Wednesday, 30 April 2014
Saturday, 12 April 2014
People of Namibia, kavangos.The Kavango Region stretching from Owamboland to the west as far as the Caprivi Strip in the east and bordered to the north by the Kavango River is home to five distinct tribal groups totalling around 140,000 people. Traditionally the five Okavango tribes - the Geiriku, Shambiu, Mbunzu, Kwangai and Mbukushu- followed a matrilineal system of leadership and inheritance, however, the growth of livestock farming by men has increased their economic and social status and stimulated a system of patrilineal ties of inheritance.
for more info follow this link: http://www.footprinttravelguides.com/africa-middle-east/namibia/culture/kavango-nama-owambo/
Monday, 17 March 2014
Thursday, 13 March 2014
Did you know that the man in the background was the first inhabitant of the country Namibia? They survived by hunting and gathering. They wore no cloths except the little string and of animal hide around their buttocks, in front and behind. read more next week
Tuesday, 11 March 2014
Did you know that in the past the Namibian society as a whole regarded woman as inferior as children and were never part of any decision making members in the house? And did you know that any man that had the first born as a baby girl was not legible to sit with other men in most gatherings? Read more of this and many more at this link www.mts3042kaserasteven.blogspot.com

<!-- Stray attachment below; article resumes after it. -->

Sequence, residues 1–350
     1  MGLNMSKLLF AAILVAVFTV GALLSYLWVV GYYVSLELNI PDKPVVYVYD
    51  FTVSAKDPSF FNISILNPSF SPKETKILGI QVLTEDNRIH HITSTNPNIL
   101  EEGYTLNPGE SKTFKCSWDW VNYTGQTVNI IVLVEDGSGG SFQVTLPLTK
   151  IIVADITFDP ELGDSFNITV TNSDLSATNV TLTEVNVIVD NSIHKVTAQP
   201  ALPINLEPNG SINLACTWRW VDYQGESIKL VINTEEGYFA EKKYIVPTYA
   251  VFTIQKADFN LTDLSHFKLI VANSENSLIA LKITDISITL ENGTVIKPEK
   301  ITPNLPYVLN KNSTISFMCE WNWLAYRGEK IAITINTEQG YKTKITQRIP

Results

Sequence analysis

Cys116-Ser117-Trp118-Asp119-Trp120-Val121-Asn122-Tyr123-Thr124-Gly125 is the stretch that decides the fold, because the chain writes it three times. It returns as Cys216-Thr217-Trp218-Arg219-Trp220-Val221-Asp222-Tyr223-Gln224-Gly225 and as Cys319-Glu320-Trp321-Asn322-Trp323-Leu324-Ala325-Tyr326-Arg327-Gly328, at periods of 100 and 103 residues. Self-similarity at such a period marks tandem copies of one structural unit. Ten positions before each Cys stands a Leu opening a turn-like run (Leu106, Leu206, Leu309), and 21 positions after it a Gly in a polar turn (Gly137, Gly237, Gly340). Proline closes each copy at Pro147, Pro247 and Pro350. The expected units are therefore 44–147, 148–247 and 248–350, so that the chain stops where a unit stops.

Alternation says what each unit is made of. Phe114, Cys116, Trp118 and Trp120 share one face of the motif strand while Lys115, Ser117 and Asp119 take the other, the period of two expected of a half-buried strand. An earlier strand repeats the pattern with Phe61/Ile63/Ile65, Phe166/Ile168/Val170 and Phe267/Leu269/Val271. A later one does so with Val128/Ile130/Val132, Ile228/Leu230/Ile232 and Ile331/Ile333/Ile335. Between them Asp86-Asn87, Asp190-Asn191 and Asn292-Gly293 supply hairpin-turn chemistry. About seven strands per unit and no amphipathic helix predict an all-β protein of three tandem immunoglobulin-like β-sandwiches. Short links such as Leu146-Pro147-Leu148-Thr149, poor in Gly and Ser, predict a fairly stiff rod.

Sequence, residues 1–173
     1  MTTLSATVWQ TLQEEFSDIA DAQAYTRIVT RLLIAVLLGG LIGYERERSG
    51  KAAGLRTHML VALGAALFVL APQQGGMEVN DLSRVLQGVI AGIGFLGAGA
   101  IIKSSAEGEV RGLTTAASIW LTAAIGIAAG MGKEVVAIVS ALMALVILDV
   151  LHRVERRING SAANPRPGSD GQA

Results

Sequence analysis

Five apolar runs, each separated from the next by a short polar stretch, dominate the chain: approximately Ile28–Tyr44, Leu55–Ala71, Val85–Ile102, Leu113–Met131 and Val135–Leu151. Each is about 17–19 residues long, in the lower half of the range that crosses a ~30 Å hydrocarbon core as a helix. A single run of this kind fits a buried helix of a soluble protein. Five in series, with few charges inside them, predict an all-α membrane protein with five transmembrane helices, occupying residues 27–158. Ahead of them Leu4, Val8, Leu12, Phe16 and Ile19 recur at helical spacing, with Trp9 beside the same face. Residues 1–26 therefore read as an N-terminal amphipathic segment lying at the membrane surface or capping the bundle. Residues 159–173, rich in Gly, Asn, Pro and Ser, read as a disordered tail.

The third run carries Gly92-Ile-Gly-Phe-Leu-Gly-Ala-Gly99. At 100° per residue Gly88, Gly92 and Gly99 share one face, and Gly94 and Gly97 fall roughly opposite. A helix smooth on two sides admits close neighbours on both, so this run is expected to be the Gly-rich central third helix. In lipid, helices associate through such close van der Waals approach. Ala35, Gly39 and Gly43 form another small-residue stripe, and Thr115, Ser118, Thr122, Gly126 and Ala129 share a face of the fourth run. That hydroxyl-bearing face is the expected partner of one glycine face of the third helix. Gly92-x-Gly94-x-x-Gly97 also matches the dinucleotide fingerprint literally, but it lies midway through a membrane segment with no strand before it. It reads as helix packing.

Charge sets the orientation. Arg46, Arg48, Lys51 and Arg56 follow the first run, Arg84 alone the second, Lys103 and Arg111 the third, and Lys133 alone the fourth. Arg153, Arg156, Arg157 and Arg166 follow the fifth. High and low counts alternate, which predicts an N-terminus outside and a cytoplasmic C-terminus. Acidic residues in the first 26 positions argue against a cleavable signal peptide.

Tuesday, 25 February 2014
On this site you will get to know the different practices of the Namibian people such as dances, beliefs, life stile in the past and at present as well as the various languages spoken widely. I will also try as much as possible to scaffold the different sub-ethnicity groups that are comprised within "The Namibian society".
Despite the small population, there is great linguistic variety. Most Namibians speak Bantu languages like Oshiwambo, Rukwangali, Rumanyo, Thimbukushu, Otjiherero, Nyemba and many other languages as their first language. Others speak Khoisan languages (Nama/Damara and various Bushman languages), while a smaller percentage are native speakers of Indo-European languages like Afrikaans and English. Afrikaans was promoted as a language of wider communication before independence and is still widely spoken in southern and central Namibia. At independence, English was chosen as the primary language for government and education because it was not associated with any particular ethnicity and could facilitate interaction with the outside world. Urban dwellers, young people, and northerners are more likely to have learned it.For more info on all these log on to: http://www.everyculture.com/Ma-Ni/Namibia.html#ixzz2uP0hy8TP